Published: May 4, 2020, 4:35 pm • Updated: May 4, 2020, 4:37 pm By Joseph Geha MILPITAS — Despite voting in late 2018 to ban marijuana businesses in the city, the Milpitas City Council will discuss Tuesday whether it should put a marijuana business sales tax measure on the November election ballot. The issue of whether to sanction marijuana business in the city has been contentious. Mayor Rich Tran, who supported the previous ban, suggested at an April 21 meeting that the council take up the conversation on the cannabis sales tax measure, saying he wants local voters to make the choice. Read the rest of this story on MercuryNews.com.
Published: Apr 20, 2020, 3:22 pm • Updated: Apr 20, 2020, 3:23 pm By Cnn.com Wire Service By Alice Wallace | CNN This year’s 4/20 was shaping up to be big. The high holiday honoring the cannabis plant was projected to draw record public celebrations and retail sales — a reflection of the grassroots movement evolution into a burgeoning US industry. Plus, at 4:20 pm on April 20, 2020, it is the year of “four 20s.” Read the rest of this story on MercuryNews.com.
This Monday — and, really, all of April 2020 — was supposed to be big in the world of cannabis. Since 1971, when a group of Northern California teens started meeting at 4:20 p.m. each day to smoke weed and hunt for an elusive marijuana patch, the figure 420 has been tied to cannabis. And so the fourth month of 2020, and the date 4/20/20 in particular, was poised to give marijuana consumers extra cause to celebrate the industry’s unofficial holiday while offering legal cannabis companies a welcome marketing hook. But shelter-at-home orders tied to the coronavirus pandemic have pumped the brakes on most 4/20 celebrations. Even in weed-friendly San Francisco, Mayor London Breed is threatening to arrest anyone who shows up for the state’s largest annual cannabis gathering at “Hippie Hill” in G...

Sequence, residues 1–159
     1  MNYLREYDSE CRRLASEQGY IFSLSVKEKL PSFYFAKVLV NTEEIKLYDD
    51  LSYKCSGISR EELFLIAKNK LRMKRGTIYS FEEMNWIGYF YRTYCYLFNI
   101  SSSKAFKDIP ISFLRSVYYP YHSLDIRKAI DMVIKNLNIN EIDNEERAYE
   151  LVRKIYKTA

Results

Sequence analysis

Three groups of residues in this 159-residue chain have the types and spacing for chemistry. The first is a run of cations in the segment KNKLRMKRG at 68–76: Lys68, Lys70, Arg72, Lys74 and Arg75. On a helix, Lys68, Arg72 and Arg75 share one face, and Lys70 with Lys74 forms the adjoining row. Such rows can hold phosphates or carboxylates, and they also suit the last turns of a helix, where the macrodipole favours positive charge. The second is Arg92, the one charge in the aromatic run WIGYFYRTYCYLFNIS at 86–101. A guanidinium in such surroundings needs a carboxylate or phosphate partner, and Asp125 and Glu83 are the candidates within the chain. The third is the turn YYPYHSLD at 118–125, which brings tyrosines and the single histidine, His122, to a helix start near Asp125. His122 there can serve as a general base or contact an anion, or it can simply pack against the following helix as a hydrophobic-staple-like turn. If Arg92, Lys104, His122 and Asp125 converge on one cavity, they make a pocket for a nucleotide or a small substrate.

Colorado’s cannabis industry is allowed to remain open to provide “critical” services during the coronavirus pandemic, but because marijuana is a federally controlled substance, dispensaries and other businesses are ineligible to receive stimulus funds to help offset the economic impacts caused by COVID-19. Many say they’re struggling. Gov. Jared Polis, however, is hoping to lend a helping hand. On Monday, Polis sent a letter to Rep. Jason Crow, D-Aurora, a member of the House Small Business Committee, urging the committee to reconsider allowing cannabis businesses to apply for federal aid. Read the rest of this story on DenverPost.com.